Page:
What is Sustainable Investing?

If you follow financial news in the popular media, you likely have heard the term “sustainable investing”.  The investment research company, Morningstar, defines sustainable investing as “a long term investment approach that incorporates environmental, social and governance factors in the investment process.”  They have reported that new investments in sustainable funds more than doubled in 2020 compared to 2019, reaching a record-high $51 billion.  Starks Financial has always prioritized helping clients meet their financial goals in a manner that aligns with their values and core beliefs.  Increasingly, lots of clients want their investments to contribute to the greater good of society, in addition to getting them to their financial goals.  Older research concluded that following sustainable investing precepts meant sacrificing market performance, but newer research shows that is no longer the case.  In this blog, I’ll consider a couple of challenges that sustainable investing faces today, as well as ways that it can move forward.

Greenwashing

It is great to know that customer voices are being heard and that we have the power to influence portfolio managers to push the makeup of their funds towards more sustainable companies.  However, because of this demand from consumers, companies may want to just hop on the train of this popular trend, without implementing any real change.  This is a practice called Greenwashing, in which companies are just “selling an idea” to present a green image without changing the substance of their practices.  Put another way, “greenwashing has effectively co-opted the concepts of sustainability and eco-friendliness into modern business practices, with mixed results”.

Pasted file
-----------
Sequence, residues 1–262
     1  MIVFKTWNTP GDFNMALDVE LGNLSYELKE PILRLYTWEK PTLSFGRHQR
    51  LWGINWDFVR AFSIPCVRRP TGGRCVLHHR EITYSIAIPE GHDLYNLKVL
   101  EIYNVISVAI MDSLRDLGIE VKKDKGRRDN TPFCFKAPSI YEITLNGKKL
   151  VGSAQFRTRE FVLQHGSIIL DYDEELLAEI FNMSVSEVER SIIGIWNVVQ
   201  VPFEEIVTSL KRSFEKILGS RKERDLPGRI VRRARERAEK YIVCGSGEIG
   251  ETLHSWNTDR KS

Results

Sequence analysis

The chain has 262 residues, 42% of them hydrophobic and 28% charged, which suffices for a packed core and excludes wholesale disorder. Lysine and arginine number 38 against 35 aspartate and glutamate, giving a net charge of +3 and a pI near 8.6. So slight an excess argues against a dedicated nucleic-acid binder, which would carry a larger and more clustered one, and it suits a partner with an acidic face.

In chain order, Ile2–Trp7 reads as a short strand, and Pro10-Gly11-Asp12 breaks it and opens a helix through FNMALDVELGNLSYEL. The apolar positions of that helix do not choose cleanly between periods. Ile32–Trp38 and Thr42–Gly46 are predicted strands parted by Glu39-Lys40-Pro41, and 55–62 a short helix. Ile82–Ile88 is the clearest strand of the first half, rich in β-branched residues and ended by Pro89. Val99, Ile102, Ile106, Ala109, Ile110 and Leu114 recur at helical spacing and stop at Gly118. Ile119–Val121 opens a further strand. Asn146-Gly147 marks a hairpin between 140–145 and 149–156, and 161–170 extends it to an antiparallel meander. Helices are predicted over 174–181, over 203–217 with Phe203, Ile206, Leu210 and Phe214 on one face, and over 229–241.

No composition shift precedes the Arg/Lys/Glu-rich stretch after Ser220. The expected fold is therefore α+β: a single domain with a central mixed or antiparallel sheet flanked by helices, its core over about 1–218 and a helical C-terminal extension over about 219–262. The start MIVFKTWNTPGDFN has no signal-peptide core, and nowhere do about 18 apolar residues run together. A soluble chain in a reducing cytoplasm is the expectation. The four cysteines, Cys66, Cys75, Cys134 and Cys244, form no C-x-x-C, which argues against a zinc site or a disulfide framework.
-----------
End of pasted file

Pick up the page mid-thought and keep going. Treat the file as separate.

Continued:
The philosopher Slavoj Zizek illustrates “selling an idea” with the example of buying coffee at Starbucks.  When you go in and buy your coffee, you see signs stating that Starbucks promises to distribute trees to farmers in Mexico, Guatemala, and El Salvador, and to provide safe spaces for local and migrant workers’ children.  So, “what Starbucks enables you, is to be a consumerist, without any bad conscience, because the price for the countermeasure, for fighting consumerism, is already included into the price of a commodity”.  Zizek argues this “quick green fix” should not absolve Starbucks of the responsibility to run its business in a sustainable way.

Another example took place at the UN Climate Conference in 2009.  BMW wanted to appeal to consumer demand, so they brought hydrogen-powered cars to present a green image.  However, immediately after the conference, BMW stopped development of these cars with no intentions of further production anytime soon.

If you go to any grocery store these days, you will see many companies strategically packaging their products to align with this environmentally friendly idea.  Cleaning product companies, make-up brands, the list goes on.

I think Zizek would agree that, though we all just want the immediate gratification of knowing we are contributing towards the betterment of society, sometimes it takes a bit more investigation to be sure that our choices line up with that goal.

Criteria for Sustainable Investing